"Similarity which is based only on the use of descriptive words has been held not to be a ground for denying registration."
and on page 297 of the same work, the statement is made that:
"The primary right of all to use the geographical names must be considered in connection with the other right which each man has to be free from fraudulent competition."
The following statement to the same effect is found in Callmann, Unfair Competition and Trade-Marks, Second Edition, page 1503:
"The rule that coined or fanciful marks should be given a much broader degree of protection than words in common use is sound for it recognizes not only the orthodox basis of the law of trade-marks that the sale of goods of one manufacturer or vendor as those of another should be prevented, but also the fact that in modern business the trade-mark performs the added function of an advertising device whose value may be injured or destroyed unless protected by the courts."
The general principle to be applied in cases such as the present one is well expressed in the following statement by the commissioner which was quoted with approval by this court in United Drug Co., etc. v. Mercirex Co., 182 F.2d 222, 224, 37 C.C.P.A., Patents, 1063, where it was held that "Mercirex" and "Rex" were not confusingly similar:
"`It is true that the word "rex" which opposer uses as a valid and technical trade-mark does form one syllable of applicant's mark. It is not, however, set out separately or emphasized and, as presented by the drawing and specimens, would not, in my opinion, be recognized or connected with opposer's mark even by persons familiar with it. While a known mark cannot be appropriated and rights cannot be acquired by mere addition of words, syllables, or other features which leave the known mark recognizable as a prominent feature of the new mark, comparison of the marks does not give that impression in this case. In my opinion the inclusion of that syllable in applicant's mark cannot be considered an appropriation of opposer's mark.'"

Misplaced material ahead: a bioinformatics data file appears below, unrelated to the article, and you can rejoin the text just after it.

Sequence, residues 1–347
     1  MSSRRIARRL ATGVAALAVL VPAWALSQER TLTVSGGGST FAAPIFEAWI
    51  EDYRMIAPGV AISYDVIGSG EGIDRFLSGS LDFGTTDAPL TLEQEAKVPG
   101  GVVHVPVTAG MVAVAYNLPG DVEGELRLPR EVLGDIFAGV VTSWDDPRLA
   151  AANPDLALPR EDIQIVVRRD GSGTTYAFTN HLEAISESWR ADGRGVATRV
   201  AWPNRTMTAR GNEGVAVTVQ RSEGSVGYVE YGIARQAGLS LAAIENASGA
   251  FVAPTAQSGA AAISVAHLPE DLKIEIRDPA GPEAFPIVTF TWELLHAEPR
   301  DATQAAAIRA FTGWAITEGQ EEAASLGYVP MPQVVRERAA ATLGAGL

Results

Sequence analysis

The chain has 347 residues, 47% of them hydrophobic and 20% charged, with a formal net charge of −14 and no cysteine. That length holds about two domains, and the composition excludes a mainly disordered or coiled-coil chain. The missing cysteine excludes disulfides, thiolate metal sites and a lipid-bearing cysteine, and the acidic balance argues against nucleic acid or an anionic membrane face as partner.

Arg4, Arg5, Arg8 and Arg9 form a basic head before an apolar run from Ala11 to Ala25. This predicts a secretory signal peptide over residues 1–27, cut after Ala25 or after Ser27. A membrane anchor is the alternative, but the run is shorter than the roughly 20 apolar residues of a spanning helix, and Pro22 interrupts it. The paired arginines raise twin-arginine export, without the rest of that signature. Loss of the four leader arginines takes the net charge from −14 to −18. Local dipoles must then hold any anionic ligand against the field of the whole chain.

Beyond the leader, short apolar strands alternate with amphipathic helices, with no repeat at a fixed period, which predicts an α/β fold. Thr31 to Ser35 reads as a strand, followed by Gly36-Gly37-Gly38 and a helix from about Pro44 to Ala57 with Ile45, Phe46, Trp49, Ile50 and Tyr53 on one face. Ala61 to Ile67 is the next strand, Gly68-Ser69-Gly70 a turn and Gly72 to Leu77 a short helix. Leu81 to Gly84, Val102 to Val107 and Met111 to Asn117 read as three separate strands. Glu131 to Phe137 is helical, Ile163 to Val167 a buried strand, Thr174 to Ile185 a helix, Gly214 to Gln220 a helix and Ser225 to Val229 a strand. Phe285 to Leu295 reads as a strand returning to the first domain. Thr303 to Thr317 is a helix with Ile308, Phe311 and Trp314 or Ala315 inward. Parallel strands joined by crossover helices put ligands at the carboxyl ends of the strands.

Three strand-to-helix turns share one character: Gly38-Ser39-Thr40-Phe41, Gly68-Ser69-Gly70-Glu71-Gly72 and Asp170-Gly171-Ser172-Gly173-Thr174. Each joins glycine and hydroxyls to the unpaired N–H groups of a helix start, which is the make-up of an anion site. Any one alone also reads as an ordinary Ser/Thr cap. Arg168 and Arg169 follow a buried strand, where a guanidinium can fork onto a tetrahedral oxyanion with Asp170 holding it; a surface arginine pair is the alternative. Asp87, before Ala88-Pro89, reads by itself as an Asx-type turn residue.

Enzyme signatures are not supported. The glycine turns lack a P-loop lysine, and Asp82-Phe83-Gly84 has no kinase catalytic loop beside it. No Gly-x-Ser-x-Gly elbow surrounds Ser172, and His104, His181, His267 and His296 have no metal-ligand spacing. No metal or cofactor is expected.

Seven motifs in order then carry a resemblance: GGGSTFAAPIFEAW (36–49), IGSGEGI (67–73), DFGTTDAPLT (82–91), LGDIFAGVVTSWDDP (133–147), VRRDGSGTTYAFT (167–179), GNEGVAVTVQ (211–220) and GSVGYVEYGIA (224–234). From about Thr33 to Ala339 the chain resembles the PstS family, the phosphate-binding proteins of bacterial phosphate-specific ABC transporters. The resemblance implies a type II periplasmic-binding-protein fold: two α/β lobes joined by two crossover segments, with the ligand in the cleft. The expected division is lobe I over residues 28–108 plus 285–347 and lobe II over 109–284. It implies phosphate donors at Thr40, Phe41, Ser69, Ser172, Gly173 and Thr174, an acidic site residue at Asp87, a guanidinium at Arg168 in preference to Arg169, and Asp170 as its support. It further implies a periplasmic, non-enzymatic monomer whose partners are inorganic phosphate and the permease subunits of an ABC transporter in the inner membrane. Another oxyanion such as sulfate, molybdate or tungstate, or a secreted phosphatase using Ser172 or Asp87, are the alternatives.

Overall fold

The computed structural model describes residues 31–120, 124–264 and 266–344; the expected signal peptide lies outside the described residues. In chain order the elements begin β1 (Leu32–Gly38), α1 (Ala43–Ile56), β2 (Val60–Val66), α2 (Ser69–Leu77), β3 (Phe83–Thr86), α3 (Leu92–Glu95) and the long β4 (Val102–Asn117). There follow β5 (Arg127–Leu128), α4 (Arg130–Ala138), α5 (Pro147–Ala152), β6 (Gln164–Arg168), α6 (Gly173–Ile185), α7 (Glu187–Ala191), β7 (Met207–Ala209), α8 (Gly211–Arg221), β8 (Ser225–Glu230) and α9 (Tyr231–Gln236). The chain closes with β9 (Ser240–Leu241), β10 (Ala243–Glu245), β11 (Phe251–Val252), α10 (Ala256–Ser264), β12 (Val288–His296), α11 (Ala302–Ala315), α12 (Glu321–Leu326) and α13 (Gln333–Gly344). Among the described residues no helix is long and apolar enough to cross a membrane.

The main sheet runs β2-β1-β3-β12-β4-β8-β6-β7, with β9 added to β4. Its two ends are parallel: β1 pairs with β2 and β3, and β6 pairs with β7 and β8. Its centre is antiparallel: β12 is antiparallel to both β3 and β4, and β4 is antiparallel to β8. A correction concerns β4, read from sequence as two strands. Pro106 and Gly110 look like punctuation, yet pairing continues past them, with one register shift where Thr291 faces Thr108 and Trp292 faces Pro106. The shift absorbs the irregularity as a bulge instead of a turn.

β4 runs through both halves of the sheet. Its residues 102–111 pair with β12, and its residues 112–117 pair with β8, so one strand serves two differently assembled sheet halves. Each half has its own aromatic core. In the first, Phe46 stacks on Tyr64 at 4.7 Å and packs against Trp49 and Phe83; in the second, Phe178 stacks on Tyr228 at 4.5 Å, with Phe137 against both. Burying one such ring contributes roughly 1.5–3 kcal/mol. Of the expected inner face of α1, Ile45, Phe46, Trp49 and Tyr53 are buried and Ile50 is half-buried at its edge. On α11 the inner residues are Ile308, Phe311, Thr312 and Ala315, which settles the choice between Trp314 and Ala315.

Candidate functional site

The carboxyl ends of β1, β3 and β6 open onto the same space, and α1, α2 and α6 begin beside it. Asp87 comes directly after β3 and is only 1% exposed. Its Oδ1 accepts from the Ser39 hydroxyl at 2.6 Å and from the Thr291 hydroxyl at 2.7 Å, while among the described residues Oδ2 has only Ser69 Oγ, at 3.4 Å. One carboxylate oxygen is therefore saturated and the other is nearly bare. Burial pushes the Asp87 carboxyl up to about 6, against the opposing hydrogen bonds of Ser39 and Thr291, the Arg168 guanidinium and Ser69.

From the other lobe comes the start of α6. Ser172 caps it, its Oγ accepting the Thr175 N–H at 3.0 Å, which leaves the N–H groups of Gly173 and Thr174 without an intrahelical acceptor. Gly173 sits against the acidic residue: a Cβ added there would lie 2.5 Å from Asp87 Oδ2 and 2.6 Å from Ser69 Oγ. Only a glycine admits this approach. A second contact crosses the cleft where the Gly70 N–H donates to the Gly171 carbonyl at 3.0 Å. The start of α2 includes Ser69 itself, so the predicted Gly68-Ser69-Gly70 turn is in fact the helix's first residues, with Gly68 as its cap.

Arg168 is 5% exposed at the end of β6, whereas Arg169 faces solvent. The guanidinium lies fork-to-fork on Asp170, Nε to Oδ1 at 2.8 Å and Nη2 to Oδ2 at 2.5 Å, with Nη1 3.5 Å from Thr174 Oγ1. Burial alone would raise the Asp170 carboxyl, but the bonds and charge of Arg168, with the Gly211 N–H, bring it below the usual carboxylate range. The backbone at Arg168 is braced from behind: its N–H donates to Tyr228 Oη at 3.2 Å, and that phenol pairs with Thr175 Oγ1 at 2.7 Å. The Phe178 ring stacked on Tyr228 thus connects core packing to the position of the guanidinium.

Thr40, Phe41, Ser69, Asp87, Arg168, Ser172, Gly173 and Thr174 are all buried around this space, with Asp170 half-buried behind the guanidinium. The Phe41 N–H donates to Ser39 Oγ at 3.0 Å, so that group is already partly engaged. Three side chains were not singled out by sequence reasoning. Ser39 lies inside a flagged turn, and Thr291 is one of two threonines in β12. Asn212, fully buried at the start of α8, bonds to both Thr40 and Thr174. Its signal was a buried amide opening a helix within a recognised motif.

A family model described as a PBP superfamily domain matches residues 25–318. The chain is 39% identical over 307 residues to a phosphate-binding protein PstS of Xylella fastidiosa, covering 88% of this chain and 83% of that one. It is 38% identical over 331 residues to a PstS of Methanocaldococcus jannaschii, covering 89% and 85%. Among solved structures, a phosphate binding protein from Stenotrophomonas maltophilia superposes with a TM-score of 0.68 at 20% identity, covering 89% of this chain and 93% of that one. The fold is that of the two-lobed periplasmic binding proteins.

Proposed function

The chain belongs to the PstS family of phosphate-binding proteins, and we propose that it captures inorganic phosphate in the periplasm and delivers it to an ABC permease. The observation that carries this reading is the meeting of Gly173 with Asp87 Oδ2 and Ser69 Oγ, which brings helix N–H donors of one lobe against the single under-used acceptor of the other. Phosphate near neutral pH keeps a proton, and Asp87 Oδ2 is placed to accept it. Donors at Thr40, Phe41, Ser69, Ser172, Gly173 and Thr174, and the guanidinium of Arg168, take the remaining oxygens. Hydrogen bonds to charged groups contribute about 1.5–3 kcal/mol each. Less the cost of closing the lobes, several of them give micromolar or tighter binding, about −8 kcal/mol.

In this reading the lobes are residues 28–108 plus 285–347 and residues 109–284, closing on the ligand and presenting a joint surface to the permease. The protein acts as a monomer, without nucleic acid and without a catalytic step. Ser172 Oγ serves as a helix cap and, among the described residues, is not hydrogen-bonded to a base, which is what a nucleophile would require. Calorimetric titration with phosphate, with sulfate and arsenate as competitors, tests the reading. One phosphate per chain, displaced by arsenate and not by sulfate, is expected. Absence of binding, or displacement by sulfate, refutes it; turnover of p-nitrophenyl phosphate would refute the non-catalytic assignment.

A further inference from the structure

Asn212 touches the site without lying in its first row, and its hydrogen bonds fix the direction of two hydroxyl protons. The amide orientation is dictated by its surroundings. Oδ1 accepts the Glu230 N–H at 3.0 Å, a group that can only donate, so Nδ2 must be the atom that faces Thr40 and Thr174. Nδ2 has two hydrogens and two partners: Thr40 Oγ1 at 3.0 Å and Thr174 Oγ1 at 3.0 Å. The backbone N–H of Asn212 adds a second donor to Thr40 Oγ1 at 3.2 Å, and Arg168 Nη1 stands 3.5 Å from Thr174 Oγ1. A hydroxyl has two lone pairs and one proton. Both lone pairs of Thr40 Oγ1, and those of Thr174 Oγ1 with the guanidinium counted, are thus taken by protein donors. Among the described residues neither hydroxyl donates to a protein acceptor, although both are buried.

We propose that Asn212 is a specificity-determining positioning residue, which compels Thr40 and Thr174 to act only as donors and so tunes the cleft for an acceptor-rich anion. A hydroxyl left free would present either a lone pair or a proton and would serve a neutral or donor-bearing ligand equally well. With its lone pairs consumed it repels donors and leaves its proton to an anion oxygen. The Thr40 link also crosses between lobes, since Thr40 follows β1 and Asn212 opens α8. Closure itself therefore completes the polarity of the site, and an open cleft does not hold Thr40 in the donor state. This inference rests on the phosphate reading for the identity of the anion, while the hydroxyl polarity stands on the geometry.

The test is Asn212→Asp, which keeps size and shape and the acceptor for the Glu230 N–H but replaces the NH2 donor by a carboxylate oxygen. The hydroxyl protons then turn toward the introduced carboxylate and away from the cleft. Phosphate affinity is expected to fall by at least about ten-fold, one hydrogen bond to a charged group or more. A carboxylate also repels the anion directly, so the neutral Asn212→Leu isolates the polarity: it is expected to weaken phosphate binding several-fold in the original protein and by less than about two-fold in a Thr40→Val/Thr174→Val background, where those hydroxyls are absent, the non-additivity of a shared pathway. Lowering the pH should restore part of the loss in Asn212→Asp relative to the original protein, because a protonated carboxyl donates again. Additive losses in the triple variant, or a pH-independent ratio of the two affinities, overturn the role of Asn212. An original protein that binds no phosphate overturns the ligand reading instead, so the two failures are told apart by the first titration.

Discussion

In our opinion the instant mark "Intercontinental" would not be regarded merely as appellee's mark "Continental" with two syllables added, but as a new word having such a different meaning, sound, and appearance as to preclude the likelihood of confusion. We think that particularly true in view of the nature, use, and relative cost of the respective goods, all of which suggest the exercise of care and discrimination on the part of purchasers thereof.
While it is axiomatic that decisions in trade-mark cases are seldom rigid authorities, the following additional cases are noted in which marks were held not to be confusingly similar even though one of them was included in its entirety as a part of the other: Crown Overall Mfg. Co. v. Desmond's, 182 F.2d 645, 37 C.C.P.A., Patents, 1118 (Crown and Flexi-Crown); McGraw-Hill Publishing Co. v. American Aviation Associates, Inc., 73 App.D.C. 131, 117 F.2d 293 (Aviation and American Aviation); Wise v. Bristol Myers Inc., D.C., 107 F. Supp. 800 (Buff and Bufferin).
The case of Quaker State Oil Refining Co. v. Steinberg, 325 Pa. 273, 189 A. 473, 27 T.M.Rep. 146, is also in point. It was there held that "Quaker State" and "Quaker City" were not confusingly similar, it being pointed out that the former mark would be understood as referring to Pennsylvania and the latter to Philadelphia. Similarly, in the present case, "Continental" and "Intercontinental" would be understood as referring to distinctly different geographical areas.
As was pointed out in Crown Overall Mfg. Co. v. Desmond's, supra, likelihood of confusion is largely a matter of opinion, to be determined on the merits of each individual case. In the present case, for the reasons above set forth, we are of the opinion that concurrent use by the parties of their respective marks "Continental" and "Intercontinental" would not be likely to result in confusion. We think that is likewise true with reference to appellant's other mark which includes a large letter "C," the number 26, and the word "Intercontinental."
In view of our conclusion, it is unnecessary to consider the contention of appellant that appellee is barred by laches from contesting the right of appellant to register those marks.
The decision of the Assistant Commissioner is reversed.
JACKSON, Judge, retired, recalled to participate.